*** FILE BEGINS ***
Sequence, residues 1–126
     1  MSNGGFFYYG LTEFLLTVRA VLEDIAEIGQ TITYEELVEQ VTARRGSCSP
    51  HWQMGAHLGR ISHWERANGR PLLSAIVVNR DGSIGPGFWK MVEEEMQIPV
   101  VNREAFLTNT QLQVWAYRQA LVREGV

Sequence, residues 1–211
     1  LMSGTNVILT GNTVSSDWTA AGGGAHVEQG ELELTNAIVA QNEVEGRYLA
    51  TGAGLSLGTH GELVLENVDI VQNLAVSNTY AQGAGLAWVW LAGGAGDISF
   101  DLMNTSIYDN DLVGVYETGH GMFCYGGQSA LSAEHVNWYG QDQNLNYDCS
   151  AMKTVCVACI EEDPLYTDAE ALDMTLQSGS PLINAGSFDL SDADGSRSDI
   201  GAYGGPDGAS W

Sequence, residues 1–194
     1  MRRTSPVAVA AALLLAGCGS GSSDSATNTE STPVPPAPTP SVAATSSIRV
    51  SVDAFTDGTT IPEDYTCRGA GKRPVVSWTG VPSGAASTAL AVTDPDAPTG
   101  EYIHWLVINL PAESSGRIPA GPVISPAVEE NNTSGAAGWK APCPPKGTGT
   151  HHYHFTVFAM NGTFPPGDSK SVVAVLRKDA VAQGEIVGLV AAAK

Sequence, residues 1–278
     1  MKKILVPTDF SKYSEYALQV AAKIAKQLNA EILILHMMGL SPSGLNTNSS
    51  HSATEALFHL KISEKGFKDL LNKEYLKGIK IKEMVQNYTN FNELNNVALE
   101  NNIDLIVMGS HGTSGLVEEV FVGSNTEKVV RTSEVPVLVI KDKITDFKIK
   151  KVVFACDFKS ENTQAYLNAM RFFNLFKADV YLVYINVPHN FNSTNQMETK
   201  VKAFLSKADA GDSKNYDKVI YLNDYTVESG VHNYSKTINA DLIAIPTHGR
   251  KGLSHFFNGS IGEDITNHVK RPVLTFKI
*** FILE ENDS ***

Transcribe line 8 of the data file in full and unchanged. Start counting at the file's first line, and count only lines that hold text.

   101  DLMNTSIYDN DLVGVYETGH GMFCYGGQSA LSAEHVNWYG QDQNLNYDCS